Oceana concludes expedition to document biodiversity and fisheries in the Baltic

Expedition marks first time an environmental organization documents underwater biodiversity in the waters of all countries around the Baltic Sea.

Press Release Date: June 7, 2011

Location: Madrid


Marta Madina | email: mmadina@oceana.org | tel.: Marta Madina

Compiled data will be analyzed and used to present proposals for the creation of an effective network of Marine Protected Areas.

Oceana concluded one of its most comprehensive expeditions to date to document species and habitats in the region around the Baltic Sea. The international marine conservation organization completed over one hundred dives with an underwater robot (ROV) and a team of divers in the coastal countries. The objective of the expedition, which covered 7,000 nautical miles in two months, was to collect data on the state of conservation of the Baltic to prepare proposals to improve the network of Marine Protected Areas and their management.

“There is no precedent of any other international expedition that has covered all the Baltic countries and filmed depths ranging from 3 to 450 meters (the deepest area being Landsort Deep, Sweden),” explains Xavier Pastor, Executive Director of Oceana Europe and the leader of the expedition. “Oceana’s expedition is valuable because it proves that there are areas still rich in biodiversity in this devastated sea; areas that show, how the Baltic Sea can look like if adequately protected. We’ve also seen areas that have been completely destroyed or are heavily polluted, proof of the lack of adequate conservation measures.”

Seventy percent of the dives were completed with an ROV capable of filming marine life in high resolution. The divers took photographs and video footage of the shallow areas, in some cases at temperatures below zero. This graphic documentation was completed with samples of sediments and macroorganisms taken with a Van Veen dredge and a CTD, a device which measures hydrographical data (salinity, temperature, oxygen, chlorophyll).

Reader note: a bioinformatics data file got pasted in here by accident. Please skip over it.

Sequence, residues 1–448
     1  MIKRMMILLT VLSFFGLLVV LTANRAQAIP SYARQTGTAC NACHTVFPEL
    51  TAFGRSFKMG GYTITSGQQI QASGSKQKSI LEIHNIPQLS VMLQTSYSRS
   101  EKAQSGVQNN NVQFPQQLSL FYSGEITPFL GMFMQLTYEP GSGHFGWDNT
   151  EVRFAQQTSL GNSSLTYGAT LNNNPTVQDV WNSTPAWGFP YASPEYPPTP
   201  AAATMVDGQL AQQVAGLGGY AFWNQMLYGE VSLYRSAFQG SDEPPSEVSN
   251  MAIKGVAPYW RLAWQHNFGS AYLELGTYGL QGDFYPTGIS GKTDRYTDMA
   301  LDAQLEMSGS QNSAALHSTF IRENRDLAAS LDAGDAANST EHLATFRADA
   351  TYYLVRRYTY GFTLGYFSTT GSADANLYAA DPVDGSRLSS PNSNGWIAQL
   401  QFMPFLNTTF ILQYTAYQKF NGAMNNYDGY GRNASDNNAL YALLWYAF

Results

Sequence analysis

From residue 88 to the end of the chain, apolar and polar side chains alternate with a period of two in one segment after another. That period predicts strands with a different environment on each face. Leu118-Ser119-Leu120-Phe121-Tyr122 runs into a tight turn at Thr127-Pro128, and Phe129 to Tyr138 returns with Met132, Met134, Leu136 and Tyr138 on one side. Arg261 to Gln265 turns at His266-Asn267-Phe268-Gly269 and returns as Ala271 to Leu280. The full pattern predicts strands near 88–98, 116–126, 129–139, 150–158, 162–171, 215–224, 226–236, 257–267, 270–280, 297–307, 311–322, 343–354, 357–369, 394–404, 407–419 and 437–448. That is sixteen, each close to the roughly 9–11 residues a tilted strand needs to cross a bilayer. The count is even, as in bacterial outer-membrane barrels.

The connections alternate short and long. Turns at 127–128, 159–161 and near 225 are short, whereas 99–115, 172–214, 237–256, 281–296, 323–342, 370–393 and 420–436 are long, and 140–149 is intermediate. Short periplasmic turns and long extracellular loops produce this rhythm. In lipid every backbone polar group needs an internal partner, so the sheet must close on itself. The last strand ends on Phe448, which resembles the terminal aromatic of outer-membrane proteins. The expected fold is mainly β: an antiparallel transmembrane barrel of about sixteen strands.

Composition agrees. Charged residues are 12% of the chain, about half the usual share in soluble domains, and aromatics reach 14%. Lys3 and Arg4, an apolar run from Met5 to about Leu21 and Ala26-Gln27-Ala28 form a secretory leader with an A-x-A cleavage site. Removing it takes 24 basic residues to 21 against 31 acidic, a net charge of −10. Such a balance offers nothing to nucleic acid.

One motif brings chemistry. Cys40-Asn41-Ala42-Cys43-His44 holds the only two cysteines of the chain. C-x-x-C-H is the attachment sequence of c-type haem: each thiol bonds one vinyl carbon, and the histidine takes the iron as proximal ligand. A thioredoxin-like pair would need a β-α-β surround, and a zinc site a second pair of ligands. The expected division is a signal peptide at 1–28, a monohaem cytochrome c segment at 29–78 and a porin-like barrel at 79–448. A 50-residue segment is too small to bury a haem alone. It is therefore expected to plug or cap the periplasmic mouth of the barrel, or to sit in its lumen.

In the coming months, marine scientists from different countries will study this data, including experts specialized in visually identifying species filmed with the ROV. Oceana will publish proposals with specific conservation measures based on the results of this analysis.

Oceana’s team on board the Hanse Explorer also documented fishing activities in the Baltic, filming dozens of vessels from different countries using a variety of fishing gear. These observations will be combined with the data obtained from official sources and other analyses of the fishing sector in the Baltic Sea countries compiled by the organization.

“One of Oceana’s characteristics is that our campaigns are not only based on analyzing scientific research, facts and figures, but on doing our own field work as well. This expedition will be a tool to promote the creation of an effective network of Marine Protected Areas that includes all types of habitats and species, while also promoting more responsible fisheries management in the Baltic,” states Anne Schroeer, Oceana’s Project Manager in the Baltic.

Oceana recently inaugurated a new office in Copenhagen and is the first environmental organization to use an ROV to film in most of the countries around the Baltic Sea. The material collected during this expedition will be made available to the media, as well as to researchers and government agencies of these countries. A selection of this material is available for viewing at http://baltic.oceana.org, including photographs, video footage and the ship’s log starting April 7th, the first day of the expedition.

More information: Oceana in the Baltic Sea